Forcedout of the legislature and driven from the state after his reputation was ruined, Patterson filed notice of an impending lawsuit against Raney and Popkey. Shortly after that tort claim was filed, Popkey resigned from the Statesman and took a new position with Republican Congressman Raul Labrador. Now Raney is making an unexpected career change of his own. There are indications that in his new federal position Raney will continue to indulge his well-established appetite for retaliation against critics.
In 2010, Raney was appointed by Attorney General Eric Holder to serve as one of two sheriffs on the Advisory Board of the National Institute of Corrections. (The other sheriff on that board, interestingly, is Tulsa County Sheriff Stanley Glantz, whose corrupt departmenthas been the focus of a great deal of recent media attention.) More recently he was appointed chair of the Washington-based Pretrial Justice Institute (PJI), a public-private partnership within the prison-industrial complex.
During a recent online exchange, former Justice Department official Dennis Bartlett, Executive Director of the American Bail Coalition (ABC), suggested that Raney’s new federal job would require that he resign from his position at the PJI.
“No, Dennis, [I] won’t be leaving PJI,” Raney replied. “In fact, I will be investigating the widespread corruption in the commercial bail industry and your unethical blood-sucking practices. I’ll be in touch.”
That investigation would be an exercise in turf warfare, rather than an effort to serve the public interest. The PJI and ABC lobby on behalf of competing cliques of prison industry profiteers.
Raney’s smug threat reflects the fact that as a Justice Department employee, he will have the advantage of enforcement “authority” and “qualified immunity” in pursuing the interests of his corporatist tribe. He will also be able to make use of a professional network he has built over four decades of employment as part of the enforcement caste.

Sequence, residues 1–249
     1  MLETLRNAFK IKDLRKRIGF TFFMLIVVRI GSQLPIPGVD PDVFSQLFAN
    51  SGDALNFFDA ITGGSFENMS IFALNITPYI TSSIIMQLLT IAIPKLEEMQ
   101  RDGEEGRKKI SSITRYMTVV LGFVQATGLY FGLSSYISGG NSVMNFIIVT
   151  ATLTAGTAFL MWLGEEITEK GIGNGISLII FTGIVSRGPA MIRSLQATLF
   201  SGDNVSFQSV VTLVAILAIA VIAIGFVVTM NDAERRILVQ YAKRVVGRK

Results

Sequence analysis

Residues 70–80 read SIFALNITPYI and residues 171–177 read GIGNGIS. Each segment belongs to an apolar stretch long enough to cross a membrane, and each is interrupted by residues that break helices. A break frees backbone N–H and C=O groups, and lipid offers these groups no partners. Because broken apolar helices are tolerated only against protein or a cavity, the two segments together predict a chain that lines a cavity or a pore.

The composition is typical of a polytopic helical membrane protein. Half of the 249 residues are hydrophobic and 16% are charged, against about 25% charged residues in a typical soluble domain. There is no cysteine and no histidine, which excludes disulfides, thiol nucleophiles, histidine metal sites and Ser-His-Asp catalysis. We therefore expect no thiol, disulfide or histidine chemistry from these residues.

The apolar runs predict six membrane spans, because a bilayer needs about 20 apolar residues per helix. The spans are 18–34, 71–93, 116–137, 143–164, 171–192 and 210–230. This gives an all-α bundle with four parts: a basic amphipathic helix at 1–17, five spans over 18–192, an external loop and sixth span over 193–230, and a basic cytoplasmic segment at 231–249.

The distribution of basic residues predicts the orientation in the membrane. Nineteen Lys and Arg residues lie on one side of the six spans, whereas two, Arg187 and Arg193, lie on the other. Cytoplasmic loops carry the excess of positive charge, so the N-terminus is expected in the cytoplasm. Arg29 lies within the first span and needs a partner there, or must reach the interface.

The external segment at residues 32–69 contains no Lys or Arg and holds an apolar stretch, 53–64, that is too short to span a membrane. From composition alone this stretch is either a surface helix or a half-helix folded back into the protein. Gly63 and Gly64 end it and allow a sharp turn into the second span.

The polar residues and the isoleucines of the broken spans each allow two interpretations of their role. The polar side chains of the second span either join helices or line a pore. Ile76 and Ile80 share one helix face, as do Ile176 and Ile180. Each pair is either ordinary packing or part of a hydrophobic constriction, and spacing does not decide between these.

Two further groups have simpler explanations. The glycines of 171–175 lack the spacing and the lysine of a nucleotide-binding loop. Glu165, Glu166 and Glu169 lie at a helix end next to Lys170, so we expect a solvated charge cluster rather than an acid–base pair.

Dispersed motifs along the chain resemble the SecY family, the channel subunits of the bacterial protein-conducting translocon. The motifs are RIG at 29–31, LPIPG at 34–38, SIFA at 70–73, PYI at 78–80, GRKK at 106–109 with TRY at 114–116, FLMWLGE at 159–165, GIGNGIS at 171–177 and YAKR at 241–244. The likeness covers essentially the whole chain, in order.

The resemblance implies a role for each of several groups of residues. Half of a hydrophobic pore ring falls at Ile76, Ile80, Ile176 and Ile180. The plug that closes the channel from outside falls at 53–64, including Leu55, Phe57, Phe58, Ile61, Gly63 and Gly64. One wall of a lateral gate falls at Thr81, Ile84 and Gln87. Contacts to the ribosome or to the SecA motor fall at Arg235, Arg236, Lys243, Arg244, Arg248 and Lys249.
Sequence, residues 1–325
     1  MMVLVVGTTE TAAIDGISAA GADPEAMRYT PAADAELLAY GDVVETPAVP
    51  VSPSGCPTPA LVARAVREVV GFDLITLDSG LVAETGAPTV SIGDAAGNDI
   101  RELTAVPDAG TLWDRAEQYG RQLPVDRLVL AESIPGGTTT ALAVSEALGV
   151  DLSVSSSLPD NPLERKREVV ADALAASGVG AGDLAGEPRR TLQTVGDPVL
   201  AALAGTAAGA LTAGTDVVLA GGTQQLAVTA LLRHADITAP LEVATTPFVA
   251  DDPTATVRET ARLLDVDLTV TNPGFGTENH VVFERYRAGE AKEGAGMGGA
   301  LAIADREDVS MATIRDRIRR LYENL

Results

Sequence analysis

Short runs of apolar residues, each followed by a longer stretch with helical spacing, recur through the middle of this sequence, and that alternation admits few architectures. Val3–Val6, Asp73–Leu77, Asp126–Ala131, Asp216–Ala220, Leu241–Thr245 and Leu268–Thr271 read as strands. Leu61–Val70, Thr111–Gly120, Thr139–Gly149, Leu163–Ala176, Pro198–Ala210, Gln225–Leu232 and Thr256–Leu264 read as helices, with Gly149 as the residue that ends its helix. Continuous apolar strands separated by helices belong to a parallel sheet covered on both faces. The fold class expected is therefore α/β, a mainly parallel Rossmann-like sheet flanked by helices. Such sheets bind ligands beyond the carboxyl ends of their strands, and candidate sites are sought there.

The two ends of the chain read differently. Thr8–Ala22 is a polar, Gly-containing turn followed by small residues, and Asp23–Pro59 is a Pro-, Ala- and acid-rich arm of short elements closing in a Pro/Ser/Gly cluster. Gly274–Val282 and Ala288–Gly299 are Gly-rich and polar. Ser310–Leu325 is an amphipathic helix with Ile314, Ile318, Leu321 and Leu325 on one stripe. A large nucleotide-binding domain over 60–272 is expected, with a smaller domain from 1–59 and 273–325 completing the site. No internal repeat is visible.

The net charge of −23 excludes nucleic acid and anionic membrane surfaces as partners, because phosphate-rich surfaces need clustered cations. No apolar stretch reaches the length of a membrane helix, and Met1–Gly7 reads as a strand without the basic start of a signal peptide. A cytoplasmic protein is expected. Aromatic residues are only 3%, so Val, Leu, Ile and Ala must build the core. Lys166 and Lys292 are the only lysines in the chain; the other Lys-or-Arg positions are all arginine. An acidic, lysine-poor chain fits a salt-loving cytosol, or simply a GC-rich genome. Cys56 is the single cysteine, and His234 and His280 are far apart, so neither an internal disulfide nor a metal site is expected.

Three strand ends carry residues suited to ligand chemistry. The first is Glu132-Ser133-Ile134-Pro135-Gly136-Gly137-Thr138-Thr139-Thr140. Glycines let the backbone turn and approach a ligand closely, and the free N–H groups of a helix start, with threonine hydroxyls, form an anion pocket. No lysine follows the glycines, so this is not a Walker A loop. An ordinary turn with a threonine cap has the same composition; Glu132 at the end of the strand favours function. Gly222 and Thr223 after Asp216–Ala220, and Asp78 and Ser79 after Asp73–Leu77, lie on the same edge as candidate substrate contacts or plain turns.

During his teenage years, Raney was recruited by the Police Explorers, which is sort of a Komsomol for American youths who want to make a career in the state’s punitive apparatus. Five years later he became a reserve officer, and he has never had a job in the productive sector.
As sheriff, Raney never gave the Feds cause to worry that he would interpose against them on behalf of the rights and interests of his constituents. The Feds appreciate a sheriff who knows the length of his leash and licks the hand that fills his dish. Raney’s canine subservience explains why the Feds are taking such good care of him now.
UPDATE: Raney Will Retain His Place Within The Tax-Feeding "One Percent"
Idaho's average household income last year was a little less than $48,000. As a 52-year-old retiree in Idaho's Public Employee Retiree System, Raney will be paid $64,000 a year, notes Dustin Hurst of IdahoReporter.com. If he remains in his new federal position for at least three years he will also qualify for a smaller federal pension.
As of 2012, Raney's salary was at least $115,535, which made him one of the highest-paid figures within Idaho's parasite class. Through pension "double-dipping" he will continue to be paid a very large portion of that amount -- in addition to whatever windfalls he will enjoy from his connections within the coercive sector.
"The Drug War and the Prison-Industrial Complex"